There is a major new economics tome out this year that’s sending waves through the economics community like none since Friedman in the 70s.
Such is the impact that in a recent seminar at New York’s CUNY he was the headliner over Nobel-winning Krugman and Stiglitz.
Krugman’s review of his impact on conservatives in the New York Times is telling – they are warning that Mr. Piketty’s work must be refuted, because otherwise it “will spread among the clerisy and reshape the political economic landscape on which all future policy battles will be waged.”
And yet they cannot refute his superbly researched thesis, which spans hundreds of years of history and 700 pages.
So the conservatives – who have been focussing on denying the obvious and growing income and wealth disparity, and when that fails, insisting on the rich as job creators (except they’re not) – have resorted to name calling. Piketty, like any who acknowledge unequal wealth, must be ‘Marxist’.
That’s the sum of their refutation.
But Piketty’s argument is stronger than a bit of name-calling. The essence is that:
economic growth will always be smaller than the profits from any money that is invested. Economic growth is what we all benefit from, but profits from invested money accrue only to the rich. The consequences of this are clear: those who have family fortunes are the winners, and everyone else doesn’t have much of a shot of being wealthy unless they marry into or inherit money.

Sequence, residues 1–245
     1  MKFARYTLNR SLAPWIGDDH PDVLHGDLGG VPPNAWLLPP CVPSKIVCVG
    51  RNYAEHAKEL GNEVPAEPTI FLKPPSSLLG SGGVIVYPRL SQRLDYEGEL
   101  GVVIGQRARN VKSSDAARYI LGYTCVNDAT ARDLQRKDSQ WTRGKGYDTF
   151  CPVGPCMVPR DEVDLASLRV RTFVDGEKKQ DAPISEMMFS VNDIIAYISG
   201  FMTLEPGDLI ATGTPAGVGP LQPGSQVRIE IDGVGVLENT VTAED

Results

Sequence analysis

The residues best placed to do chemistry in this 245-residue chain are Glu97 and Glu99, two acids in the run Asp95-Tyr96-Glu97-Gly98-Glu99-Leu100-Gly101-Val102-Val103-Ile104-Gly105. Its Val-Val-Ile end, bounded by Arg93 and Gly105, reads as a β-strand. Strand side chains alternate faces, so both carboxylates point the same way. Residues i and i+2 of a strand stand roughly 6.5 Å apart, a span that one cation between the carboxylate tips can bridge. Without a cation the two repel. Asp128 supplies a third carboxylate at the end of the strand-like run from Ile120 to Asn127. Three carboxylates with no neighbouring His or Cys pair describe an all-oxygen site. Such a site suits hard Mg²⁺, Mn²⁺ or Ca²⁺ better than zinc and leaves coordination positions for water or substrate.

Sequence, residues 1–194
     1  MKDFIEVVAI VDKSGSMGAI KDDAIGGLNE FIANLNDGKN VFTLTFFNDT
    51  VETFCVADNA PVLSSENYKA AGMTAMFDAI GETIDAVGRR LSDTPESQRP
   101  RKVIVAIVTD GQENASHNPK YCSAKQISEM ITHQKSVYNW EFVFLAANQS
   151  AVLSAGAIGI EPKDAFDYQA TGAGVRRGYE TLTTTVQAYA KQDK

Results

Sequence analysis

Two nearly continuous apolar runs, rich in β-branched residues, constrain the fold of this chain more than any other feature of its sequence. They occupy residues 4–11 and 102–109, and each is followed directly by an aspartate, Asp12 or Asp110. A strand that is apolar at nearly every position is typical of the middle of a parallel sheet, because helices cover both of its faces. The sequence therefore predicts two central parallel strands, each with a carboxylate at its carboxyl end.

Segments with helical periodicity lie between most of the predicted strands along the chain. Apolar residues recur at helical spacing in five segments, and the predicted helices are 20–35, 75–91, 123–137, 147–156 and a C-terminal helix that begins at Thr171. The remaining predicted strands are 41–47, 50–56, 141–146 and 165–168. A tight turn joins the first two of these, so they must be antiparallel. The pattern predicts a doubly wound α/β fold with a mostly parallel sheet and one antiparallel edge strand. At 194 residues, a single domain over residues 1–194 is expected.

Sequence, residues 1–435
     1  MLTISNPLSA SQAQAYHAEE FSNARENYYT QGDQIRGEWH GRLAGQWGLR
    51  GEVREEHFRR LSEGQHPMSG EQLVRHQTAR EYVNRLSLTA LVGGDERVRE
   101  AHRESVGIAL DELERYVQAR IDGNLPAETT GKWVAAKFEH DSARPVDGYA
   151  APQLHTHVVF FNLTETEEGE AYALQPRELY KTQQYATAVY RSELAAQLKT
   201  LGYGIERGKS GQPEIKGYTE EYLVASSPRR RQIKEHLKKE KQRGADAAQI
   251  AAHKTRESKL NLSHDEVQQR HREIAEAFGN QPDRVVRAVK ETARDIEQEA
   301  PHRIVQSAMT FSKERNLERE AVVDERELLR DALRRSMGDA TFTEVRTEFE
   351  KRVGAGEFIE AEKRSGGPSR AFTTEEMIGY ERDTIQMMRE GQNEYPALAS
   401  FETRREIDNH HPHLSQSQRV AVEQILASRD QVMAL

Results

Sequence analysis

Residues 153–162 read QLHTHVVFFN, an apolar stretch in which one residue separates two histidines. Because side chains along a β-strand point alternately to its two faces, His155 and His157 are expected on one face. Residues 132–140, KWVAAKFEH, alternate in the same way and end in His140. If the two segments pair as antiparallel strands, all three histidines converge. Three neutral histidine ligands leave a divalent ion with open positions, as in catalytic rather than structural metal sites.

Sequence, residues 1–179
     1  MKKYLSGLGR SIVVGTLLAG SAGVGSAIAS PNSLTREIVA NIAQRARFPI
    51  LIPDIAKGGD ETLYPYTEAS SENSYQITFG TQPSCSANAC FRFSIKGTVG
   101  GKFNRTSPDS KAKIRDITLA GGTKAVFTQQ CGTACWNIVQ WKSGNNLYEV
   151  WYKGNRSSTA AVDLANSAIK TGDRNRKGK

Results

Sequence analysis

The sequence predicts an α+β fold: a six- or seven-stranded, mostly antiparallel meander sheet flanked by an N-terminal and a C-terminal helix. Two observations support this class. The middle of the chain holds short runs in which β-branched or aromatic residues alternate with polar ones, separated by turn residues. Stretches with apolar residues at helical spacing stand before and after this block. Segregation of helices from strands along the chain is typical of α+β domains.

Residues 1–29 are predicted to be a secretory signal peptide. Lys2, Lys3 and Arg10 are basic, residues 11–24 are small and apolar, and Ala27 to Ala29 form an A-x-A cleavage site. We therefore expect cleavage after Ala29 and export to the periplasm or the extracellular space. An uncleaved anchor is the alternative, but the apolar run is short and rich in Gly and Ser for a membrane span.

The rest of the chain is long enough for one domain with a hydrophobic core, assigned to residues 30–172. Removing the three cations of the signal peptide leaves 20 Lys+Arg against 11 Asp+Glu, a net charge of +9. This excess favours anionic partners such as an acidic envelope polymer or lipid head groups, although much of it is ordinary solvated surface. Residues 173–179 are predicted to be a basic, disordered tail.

So Piketty is doing more than acknowledging that inequality exists or is growing – he says that capitalism dooms us to it. To combine it with a recent Nasa study shows us heading reasonably rapidly to societal collapse. We’re at pre-WWI levels of wealth disparity and quickly heading to nineteenth century levels (and aristocracy). That’s levels that hit beyond massive disparities in income, onto worryingly large disparities in equality of opportunity. The rest of us have very little to no chance of ever catching up, without inheriting from or marrying into the 1%.
Wealth is no function of a fictional meritocracy as the right would have us believe, but of inheritance.
And wealth is where it is at more than income – the top 10% in Europe & the US earn 25-35% of income; but have 60-70% of the wealth.
So a wealth tax is where we need our answer, along with inheritance taxes and high taxes for high incomes.
Those things are beyond our current orthodoxy, but maybe economics may yet lead us there.
And join Closing the Gap for a NZ focus on reducing inequality.